Tens of thousands of orders for diagnostic medical tests have been deleted en masse to reduce the backlog for VA medical treatment. In Los Angeles, about 40,000 appointments were administratively closed. In Dallas, about 13,000 were cancelled in 2012. So, the patients did not receive the testing, but the VA reduced its backlog.
Whether the practice is widespread is not known. Internal VA memos show that medical centers removed orders that were unnecessary because the patient had died or acquired tests from other providers; but, this explanation does not explain the en masse purges that have taken place. The purges are consistent with previous efforts to manipulate numbers for the purpose of reporting progress in relieving the tremendous backlog for treatment.
Failure to Provide Medical Tests for Vets May have Catastrophic Consequences
The failure to provide testing may have catastrophic consequences in some cases.
Between September 2012 and March 2013, the VA disclosed 19 deaths related to delayed endoscopy procedures. These deaths were first reported by CNN. An Inspector General investigation exposed at least six preventable deaths that were linked to delayed colonoscopies in Columbia, South Carolina.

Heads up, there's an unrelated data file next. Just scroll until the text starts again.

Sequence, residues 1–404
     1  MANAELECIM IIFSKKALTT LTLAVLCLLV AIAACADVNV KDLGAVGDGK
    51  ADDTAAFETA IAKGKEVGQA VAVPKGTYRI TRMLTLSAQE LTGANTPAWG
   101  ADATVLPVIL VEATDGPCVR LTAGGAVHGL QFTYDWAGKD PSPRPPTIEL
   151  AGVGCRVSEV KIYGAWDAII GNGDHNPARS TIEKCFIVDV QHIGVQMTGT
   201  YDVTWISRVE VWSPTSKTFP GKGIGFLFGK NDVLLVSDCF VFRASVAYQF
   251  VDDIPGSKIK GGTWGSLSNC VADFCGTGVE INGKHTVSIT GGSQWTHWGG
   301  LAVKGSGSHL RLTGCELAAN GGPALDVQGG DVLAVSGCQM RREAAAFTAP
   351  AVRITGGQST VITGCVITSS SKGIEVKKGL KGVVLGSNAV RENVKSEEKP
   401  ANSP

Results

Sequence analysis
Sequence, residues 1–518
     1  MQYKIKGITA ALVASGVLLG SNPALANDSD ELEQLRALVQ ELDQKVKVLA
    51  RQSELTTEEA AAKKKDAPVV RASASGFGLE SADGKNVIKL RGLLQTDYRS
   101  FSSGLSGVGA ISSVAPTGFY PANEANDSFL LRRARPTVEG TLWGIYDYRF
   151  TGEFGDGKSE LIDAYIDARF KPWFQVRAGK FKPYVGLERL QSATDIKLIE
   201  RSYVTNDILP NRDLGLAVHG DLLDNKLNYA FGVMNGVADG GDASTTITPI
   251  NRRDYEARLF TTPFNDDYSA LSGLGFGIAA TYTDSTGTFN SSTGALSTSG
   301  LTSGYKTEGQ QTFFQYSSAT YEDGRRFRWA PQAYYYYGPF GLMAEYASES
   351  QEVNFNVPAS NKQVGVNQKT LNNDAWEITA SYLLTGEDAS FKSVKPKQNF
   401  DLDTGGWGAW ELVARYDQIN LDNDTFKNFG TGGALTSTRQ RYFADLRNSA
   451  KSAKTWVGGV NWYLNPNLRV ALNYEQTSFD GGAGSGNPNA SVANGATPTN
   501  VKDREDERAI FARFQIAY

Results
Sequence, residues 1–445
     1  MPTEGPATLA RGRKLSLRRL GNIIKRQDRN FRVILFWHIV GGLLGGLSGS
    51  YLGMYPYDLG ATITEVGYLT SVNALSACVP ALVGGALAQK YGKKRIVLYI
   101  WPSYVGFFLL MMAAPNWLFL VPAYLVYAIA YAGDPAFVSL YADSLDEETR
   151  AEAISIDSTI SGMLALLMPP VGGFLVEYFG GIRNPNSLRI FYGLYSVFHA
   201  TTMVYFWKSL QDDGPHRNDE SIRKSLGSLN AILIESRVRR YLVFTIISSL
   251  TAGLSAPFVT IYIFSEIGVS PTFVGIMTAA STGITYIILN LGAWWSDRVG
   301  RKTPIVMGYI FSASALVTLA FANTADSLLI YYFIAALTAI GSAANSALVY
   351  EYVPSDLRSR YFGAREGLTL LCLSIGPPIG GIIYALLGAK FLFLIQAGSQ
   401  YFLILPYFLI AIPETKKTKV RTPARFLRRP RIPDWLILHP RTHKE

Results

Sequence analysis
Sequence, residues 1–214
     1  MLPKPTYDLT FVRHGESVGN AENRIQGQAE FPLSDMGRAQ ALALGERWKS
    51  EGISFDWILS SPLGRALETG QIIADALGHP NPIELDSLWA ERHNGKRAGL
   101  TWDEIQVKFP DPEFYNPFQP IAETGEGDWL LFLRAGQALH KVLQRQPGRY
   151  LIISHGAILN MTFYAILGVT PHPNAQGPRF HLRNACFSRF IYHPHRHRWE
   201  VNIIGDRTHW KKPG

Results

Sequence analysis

Anecdotal evidence also supports the allegation that the VA Health Administration has manipulated statistics. Oliver Mitchell was a scheduling clerk at the VA Greater Los Angeles Medical Center. He also served as a Marine. He filed a whistleblower complaint in 2009 about the VA purging appointments. In November 2008, he was told to purge backlogged appointments for diagnostic testing. This violated VA policy at the time. In 2011, Mitchell settled with the VA for damages from whistleblower retaliation.
Congressional inquiries have been made, but the investigations have not been able to discover how many tests were cancelled. Given the magnitude of these purges, we can expect Congress to investigate further.